So some time back I started an ongoing post trying to compare R, Matlab and Python. Well my answer is simple, there is no answer. And if you think differently you should ask yourself, “am I just being a fan-boy”?
If you want to read my previous post it is here, if not here is a quick summary of all 3…
- Proprietary meaning you will have to pay
- GUI’s for stuff. You can to build a ANN there’s a GUI, fancy a blast with Fuzzy Logic, guess what, there’s a GUI.
- Lots of toolboxes (but you pay for)
- Has Simulink, cool for rapid experimenting. Plug in a webcam and you can be object tracking in minuts (maybe 100 minutes, but still minutes)
- I hate how the windows go behind other windows (sorry, had to be said)
- Plenty of webinars
R / RStudio
- Not Proprietary, everything is free
- Rapidly became HUGE, like its everywhere. Want a job in machine learning or to be taken seriously in statistics? Then you need R on your CV..! (Facebook, Microsoft, Google all want R)
- No GUIs, now that is painful. It just makes everything that little bit harder to see what is going on.
- Lots of toolboxes (but called packages) and they are all FREE
- Too many toolboxes, yep also a curse. You always find a couple of toolboxes doing the same thing, which is best?
- RStudio, makes it so much more user friendly than the standard R environment. Don’t even try R without RStudio, seriously just don’t..!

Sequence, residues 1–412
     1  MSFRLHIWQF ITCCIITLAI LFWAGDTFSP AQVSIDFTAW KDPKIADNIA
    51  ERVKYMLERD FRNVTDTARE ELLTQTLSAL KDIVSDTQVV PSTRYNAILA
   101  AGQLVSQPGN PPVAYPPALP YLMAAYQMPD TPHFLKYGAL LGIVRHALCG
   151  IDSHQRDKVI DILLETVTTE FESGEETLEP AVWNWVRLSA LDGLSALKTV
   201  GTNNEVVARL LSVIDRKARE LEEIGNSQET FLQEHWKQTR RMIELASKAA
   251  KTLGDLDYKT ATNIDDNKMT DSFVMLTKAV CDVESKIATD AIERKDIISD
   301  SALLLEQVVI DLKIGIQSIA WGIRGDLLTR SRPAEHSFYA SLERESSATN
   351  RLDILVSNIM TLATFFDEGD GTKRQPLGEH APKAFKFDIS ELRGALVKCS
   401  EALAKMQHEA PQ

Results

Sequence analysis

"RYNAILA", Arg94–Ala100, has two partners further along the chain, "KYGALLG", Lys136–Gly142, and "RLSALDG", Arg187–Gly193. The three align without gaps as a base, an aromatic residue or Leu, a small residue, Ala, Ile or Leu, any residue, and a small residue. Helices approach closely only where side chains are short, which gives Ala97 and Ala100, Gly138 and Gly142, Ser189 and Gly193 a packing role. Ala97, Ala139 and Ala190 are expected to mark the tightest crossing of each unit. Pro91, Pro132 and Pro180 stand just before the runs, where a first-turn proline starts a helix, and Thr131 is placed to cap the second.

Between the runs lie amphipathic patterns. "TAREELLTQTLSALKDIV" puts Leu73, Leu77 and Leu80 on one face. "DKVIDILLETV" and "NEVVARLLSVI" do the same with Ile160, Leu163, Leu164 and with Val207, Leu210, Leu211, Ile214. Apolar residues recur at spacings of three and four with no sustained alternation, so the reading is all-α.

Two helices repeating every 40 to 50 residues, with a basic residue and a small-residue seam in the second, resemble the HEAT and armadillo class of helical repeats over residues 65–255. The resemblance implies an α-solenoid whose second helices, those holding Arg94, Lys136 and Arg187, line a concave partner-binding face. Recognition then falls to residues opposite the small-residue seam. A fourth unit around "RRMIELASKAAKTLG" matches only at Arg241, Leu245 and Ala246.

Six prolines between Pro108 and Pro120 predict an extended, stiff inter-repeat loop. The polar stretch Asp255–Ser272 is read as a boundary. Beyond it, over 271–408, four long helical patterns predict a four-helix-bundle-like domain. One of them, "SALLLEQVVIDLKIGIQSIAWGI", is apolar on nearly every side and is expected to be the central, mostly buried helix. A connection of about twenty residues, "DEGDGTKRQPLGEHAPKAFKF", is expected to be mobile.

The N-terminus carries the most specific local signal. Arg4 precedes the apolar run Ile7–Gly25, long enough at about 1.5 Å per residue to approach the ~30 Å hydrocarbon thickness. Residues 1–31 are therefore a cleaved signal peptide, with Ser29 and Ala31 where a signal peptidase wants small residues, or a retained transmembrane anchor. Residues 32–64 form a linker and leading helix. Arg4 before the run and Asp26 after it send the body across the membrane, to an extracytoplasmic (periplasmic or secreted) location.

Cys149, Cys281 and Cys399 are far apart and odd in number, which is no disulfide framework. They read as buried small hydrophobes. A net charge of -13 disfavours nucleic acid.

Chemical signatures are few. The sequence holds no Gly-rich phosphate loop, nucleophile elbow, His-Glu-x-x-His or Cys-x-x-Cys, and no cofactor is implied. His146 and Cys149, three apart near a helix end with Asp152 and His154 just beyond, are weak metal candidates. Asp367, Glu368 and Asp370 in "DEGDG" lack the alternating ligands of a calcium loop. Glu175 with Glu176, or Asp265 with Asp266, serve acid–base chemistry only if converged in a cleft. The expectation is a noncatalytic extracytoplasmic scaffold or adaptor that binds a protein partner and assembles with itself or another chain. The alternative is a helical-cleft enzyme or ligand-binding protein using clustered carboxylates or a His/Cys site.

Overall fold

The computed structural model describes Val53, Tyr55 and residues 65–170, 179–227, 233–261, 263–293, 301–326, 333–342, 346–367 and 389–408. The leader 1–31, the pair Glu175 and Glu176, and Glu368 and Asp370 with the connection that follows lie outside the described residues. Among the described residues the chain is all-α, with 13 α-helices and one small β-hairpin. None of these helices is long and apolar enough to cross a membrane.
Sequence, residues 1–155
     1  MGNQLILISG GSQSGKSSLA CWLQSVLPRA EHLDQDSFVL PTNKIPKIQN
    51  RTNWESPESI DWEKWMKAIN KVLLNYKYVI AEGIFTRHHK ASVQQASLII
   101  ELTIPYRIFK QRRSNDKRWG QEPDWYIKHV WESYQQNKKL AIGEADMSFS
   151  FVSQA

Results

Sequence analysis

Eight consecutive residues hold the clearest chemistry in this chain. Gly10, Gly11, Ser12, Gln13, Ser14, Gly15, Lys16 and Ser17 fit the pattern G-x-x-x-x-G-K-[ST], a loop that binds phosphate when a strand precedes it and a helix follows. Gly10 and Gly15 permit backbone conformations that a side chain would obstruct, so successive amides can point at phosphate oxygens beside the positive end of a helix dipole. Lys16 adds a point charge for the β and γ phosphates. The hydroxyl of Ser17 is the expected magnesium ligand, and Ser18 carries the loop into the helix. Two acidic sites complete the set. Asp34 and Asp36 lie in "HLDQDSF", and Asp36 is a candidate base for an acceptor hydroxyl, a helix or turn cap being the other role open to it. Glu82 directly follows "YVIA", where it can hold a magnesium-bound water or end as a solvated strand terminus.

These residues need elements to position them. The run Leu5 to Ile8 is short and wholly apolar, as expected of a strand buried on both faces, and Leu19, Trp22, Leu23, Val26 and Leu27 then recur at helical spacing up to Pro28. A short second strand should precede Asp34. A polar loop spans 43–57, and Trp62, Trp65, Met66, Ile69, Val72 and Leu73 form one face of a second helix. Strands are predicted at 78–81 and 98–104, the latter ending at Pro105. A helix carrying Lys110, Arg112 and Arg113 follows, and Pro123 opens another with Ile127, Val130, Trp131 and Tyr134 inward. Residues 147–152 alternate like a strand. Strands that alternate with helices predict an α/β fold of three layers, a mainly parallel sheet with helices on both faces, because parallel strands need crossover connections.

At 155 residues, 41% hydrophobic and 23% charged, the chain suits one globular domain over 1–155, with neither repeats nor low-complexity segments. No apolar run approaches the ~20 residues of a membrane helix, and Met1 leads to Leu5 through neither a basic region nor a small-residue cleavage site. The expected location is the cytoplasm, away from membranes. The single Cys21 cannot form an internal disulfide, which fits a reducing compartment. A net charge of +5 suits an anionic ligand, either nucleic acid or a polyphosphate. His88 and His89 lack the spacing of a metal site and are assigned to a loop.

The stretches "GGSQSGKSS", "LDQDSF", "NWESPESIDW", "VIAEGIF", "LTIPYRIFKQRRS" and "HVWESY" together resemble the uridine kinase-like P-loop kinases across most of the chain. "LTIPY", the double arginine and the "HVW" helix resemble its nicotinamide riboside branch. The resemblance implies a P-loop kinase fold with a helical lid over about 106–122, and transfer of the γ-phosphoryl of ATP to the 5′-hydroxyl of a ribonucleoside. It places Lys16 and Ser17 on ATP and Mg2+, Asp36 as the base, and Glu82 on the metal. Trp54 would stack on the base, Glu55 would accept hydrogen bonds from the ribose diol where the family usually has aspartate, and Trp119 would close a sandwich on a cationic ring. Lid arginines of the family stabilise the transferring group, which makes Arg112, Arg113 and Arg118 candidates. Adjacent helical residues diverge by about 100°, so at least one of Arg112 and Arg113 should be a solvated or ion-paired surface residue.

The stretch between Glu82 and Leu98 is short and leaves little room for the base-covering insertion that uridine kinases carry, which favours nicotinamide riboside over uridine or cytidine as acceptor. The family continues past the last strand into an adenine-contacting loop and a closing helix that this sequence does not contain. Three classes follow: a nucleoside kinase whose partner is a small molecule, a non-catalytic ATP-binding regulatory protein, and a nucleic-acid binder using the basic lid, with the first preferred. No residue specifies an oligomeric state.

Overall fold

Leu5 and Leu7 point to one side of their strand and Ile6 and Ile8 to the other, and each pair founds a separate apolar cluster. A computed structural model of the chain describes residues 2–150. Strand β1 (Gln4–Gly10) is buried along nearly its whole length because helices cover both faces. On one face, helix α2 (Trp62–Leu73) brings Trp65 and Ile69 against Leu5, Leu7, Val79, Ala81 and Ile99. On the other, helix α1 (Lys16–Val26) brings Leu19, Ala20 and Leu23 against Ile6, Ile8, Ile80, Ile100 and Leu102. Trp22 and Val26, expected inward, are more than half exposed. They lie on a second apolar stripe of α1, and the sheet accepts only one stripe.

- Why am I still using <- when I know = works?
Python (more SciKit Learn really)
- Rapid development
- Open source
- Multiple environments (Spyder and Notebook are my favourite)
- Grown in strength
- I have to question, will it replace R? I don’t know, some people love it, others like R. We’ll have to see
- Syntax like you’ve never seen before, seriously my tab key has worn down..!
- Maybe getting over complex. You’ll need get to grips with Pandas and NumPy. I found handling data formats a bit of a pain.
- Matlibplot outputs look a little naff, maybe I needed to play with it more
- Some good Deep Learning stuff out there (thinking of Theano)
- Finally, Anaconda, you need this distribution of Python.
So that’s it, all 3 are good. It depends on what you want to use it for. My fan-boy opinion is currently R, looks good on the CV, has loads of packages and the graphs look nice. Also, sooo much support for everything you want to do.